Remember to continue to share your success stories on Rotary Showcase, recently updated to allow you to tag Rotarian Action Groups and Rotary Community Corps as project partners. Identifying all of your Rotary project partners ensures that your good work is shared as accurately as possible within our communities and the world.

For example, through a global grant, the Rotary Club of San Pedro South in the Philippines installed a solar powered potable water treatment system at a local elementary school benefiting 1100 students. The project included a deep well with a submersible pump powered by a solar panel. The system can produce up to 2000 liters per hour when the solar panel is at its peak capacity. To manage project operations and maintenance, including how to share the potable water with the surrounding community, the Cuyab Rotary Community Corps (RCC) was formed with officers from the school faculty, the parent teacher association and local government. The RCC will decide how the water will be shared with the nearby community, its price, schedule and mechanics.

As always, if you have any questions regarding these tools, please feel free to contact social@rotary.org for assistance.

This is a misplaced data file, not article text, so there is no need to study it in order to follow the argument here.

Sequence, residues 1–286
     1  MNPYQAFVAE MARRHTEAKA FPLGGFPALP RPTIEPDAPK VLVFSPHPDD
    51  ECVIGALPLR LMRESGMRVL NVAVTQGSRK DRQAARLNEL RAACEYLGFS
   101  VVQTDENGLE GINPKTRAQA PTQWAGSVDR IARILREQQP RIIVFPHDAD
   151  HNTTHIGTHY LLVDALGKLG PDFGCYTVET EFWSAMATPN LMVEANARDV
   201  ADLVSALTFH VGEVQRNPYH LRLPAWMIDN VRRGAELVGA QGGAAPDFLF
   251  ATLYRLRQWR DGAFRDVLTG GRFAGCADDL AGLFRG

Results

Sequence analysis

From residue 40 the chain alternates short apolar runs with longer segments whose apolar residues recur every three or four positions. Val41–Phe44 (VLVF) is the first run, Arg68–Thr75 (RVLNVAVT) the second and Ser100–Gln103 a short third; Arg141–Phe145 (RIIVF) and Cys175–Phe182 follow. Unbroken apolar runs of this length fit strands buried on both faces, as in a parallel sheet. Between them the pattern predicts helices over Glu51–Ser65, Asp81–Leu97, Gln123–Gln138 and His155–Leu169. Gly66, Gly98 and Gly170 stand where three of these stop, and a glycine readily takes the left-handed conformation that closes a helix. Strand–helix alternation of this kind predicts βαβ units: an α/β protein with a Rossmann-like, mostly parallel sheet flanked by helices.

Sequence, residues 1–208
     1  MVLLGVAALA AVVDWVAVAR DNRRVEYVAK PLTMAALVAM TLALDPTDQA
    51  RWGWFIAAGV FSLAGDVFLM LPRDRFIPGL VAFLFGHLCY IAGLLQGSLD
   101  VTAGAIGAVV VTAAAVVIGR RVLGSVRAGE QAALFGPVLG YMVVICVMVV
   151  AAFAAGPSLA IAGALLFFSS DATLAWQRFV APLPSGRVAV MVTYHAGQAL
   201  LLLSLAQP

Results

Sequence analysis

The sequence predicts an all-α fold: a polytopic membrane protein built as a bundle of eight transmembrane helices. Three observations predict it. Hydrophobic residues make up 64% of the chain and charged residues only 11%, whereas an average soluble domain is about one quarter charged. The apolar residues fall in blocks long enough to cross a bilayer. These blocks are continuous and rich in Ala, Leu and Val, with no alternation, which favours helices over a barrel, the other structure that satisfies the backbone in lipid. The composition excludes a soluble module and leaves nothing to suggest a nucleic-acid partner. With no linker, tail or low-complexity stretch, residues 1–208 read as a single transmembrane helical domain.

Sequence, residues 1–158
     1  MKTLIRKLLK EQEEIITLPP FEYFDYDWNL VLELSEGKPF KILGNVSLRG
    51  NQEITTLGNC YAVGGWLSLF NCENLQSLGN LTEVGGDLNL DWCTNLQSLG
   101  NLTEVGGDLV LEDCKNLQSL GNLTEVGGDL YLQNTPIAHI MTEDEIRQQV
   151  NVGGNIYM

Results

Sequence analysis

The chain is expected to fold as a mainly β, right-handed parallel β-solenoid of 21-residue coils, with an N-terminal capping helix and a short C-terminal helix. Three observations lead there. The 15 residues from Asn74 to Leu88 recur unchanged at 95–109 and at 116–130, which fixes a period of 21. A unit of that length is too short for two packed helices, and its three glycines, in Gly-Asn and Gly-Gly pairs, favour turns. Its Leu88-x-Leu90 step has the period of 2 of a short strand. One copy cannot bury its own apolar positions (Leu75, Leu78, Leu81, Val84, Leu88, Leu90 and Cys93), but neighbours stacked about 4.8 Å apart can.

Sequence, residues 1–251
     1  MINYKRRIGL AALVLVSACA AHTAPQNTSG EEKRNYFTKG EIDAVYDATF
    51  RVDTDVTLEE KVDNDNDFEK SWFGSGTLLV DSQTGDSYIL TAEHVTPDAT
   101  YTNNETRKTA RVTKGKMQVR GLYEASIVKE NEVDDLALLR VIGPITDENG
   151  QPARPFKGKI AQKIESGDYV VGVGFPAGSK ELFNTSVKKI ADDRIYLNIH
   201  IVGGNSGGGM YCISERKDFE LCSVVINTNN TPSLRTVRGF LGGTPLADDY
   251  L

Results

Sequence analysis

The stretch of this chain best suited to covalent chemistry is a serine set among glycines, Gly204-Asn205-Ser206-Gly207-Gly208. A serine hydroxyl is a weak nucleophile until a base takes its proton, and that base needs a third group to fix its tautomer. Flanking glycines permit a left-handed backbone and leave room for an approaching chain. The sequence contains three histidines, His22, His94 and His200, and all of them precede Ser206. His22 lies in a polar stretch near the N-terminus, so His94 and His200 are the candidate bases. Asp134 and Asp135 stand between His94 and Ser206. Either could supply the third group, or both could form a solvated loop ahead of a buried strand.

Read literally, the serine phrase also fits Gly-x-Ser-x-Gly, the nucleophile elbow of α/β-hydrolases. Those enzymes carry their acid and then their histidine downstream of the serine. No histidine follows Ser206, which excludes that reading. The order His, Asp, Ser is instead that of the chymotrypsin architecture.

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New Rotarian Action Group takes on hepatitis eradication

By Humberto Silva, Chair of the Hepatitis Eradication Rotarian Action Group and member of Rotary Club of São Paulo-Jardim das Bandeiras in Brazil

Humberto SilvaAccording to the World Health Organization, viral hepatitis is the seventh leading cause of death worldwide. Together, Hepatitis B and C kills close to 1.4 million people every year. Around the world, 400 million people living with chronic Hepatitis B and C, the most serious forms of viral hepatitis, don’t know they are infected. Untreated cases cause serious damage to the liver and result in death.